and make sure you are sewing on both sewing lines. That's about it, its very
simple if you go slowly and keep an eye on what you are doing. For the
order.......Sew a top-center-bottom, to make an hourglass, then make 2 sides
composed of a side with 2 petals (it is a starFLOWER) then fit the sides in.
Remember.........HAVE FUN!!!!!!!!! Judy in the Mitten
I traced the block outline onto a plastic page protector with a permanent pen.
Then I cut 4 pieces of freezer paper, the "dark" or "print" pieces of the block.
I iron the FP onto the right side of my print fabric & cut out with a scant 1/4"
seam allowance on the 2 curved sides & the short side (in the middle of the
block), but left 5/8" extra along the long outside edge. Then I cut a 6" square
of my background fabric. Using the "transparency", I centered one of the
FP/print fabric pieces on top of the background fabric. I used a bit of fabric
glue stick to hold the piece in place...a few tiny "appliqué pins" are helpful,
too. Then, I appliquéd one curved edge, the short middle line, and the other
curved edge. One section done :) Repeat this with the other 3 pieces, using the
"transparency" to get them lined up perfectly with the other pieces. My block
came out really nice this way, the "points" of the melon line up exactly in the
middle, forming the center square. After I was done with the appliqué, I trimmed
away the extra background fabric from behind. I chose to use 4 separate pieces,
rather than "reverse appliqué" because at those center points, there would be
virtually no fabric left to turn, where the melon points meet to form the center
square. However, reverse appliqué is another method you could choose to use for
this block. After the block is all done, I use a 4 1/2" square template to mark
the "seam lines" on the wrong side of the block, and trim off the extra seam
allowance added around the outside edge of the block. This extra fabric is
insurance, so if the block "shrinks" a bit in construction, I have some extra
fabric to cover this, without having to add a row of tiny borders (which is what
Jane did for some of her blocks, which were a little small :) Hope this
description is clear & gives you some ideas for looking at some of the blocks
from several points of view (can I piece it? can I foundation piece it? can I
appliqué it? can I reverse appliqué it? should I just stencil it (well, maybe
that is going a bit too far VBG) ....which technique would be easiest...and most
important, which technique will work the best for ME?) Many of us have found
that our technical skills have increased, and our "eye" for looking at a block &
deciding on what method/methods to use, have improved, too, as we have moved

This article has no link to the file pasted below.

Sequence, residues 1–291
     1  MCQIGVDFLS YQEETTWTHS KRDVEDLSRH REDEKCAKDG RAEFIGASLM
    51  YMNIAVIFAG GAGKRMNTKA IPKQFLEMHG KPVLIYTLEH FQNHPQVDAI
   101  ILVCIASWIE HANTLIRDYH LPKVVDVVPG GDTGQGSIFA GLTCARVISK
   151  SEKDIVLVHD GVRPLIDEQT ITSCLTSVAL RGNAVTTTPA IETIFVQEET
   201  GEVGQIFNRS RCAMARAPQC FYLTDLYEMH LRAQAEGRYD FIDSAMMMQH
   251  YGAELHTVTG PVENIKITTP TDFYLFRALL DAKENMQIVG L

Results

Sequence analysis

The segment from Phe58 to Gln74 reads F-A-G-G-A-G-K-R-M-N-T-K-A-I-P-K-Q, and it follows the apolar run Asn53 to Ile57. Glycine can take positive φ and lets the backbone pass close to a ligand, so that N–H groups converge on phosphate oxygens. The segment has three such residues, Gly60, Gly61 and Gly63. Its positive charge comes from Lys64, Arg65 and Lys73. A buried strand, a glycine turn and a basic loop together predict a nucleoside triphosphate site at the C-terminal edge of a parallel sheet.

along on our "DJ journey". Sometimes that growth has caused some
frustration...and a few "orphan blocks" VBG, but ultimately, you will be a
better quilter for it!! Happy Stitching, everyone!! Karan-Jane from Iowa
B-13, Four Corner Press, page 32
(Variation of Barbara Brackman's 2020)
The challenge in this block is
choosing a fabric which will be interesting in the large center.
Hand/Machine Piecing: Make by hand, by machine, or by strip
piecing. Cut the center square 3-1/2", the corner blocks 1-1/4" square and the
outer strips 1-¼" x 3-1/2".
I have been looking at B13 and wondering how Jane did it. It is apparently
done in cheater cloth. How did you ladies do it? Answer: This is one block where
I used four different fabrics. Actually I used 4" swatches I had bought of a
Smithsonian fabric line to make it look more like Jane's. The four corners are
one fabric, the center is another, the top and bottom rectangles are another,
and the left and right sides are a stripe. Carla Jolman
C-1, Trooper Green’s Badge, page 33
Hand/Machine Piecing: Cut center square 2-1/4", half square triangles
(4) from two 2-1/8" squares, and outer strips 1" wide. Assemble as economy block
(sew the four triangles around the center square) and add the 1" side strips log
cabin style. Or you can paper piece it in only one unit.
C-2, Streak of Lightning, page 33
Paper Piecing: Paper piece the 9 patch diamond in the middle in
three sections. Join them together to make a diamond-shaped 9-patch. The two
diamonds in the opposite corners will be appliquéd on as the last step. Change
the mitered seams to straight seams and add the background log cabin style.
Prepare the two diamonds using your favorite appliqué method and appliqué them
to the two outer corners. Not as hard as it looks!
C-3, Rayelle’s Fence, page 34
Strip Piecing: Cut (2) 1-1/4" x 10" strips of background
fabric, and (2) 1-1/4" x 10" strips of focus fabric. Cut the center 2" square of
focus fabric. If you want to make a "fussy cut" template for the center square,
draw a 1-1/2" square on clear template plastic with a fine point Sharpie. Cut it
out allowing for a ¼" seam allowance. Position your template over your fabric
and position different design elements in the "window." Save the template for
use in other blocks. When fussy cutting a patch, your edges will not always be
on the straight of grain, so sew the seams carefully to avoid stretching. Okay,
back to Rayelle's Fence.Sew a background strip to a focus fabric strip, press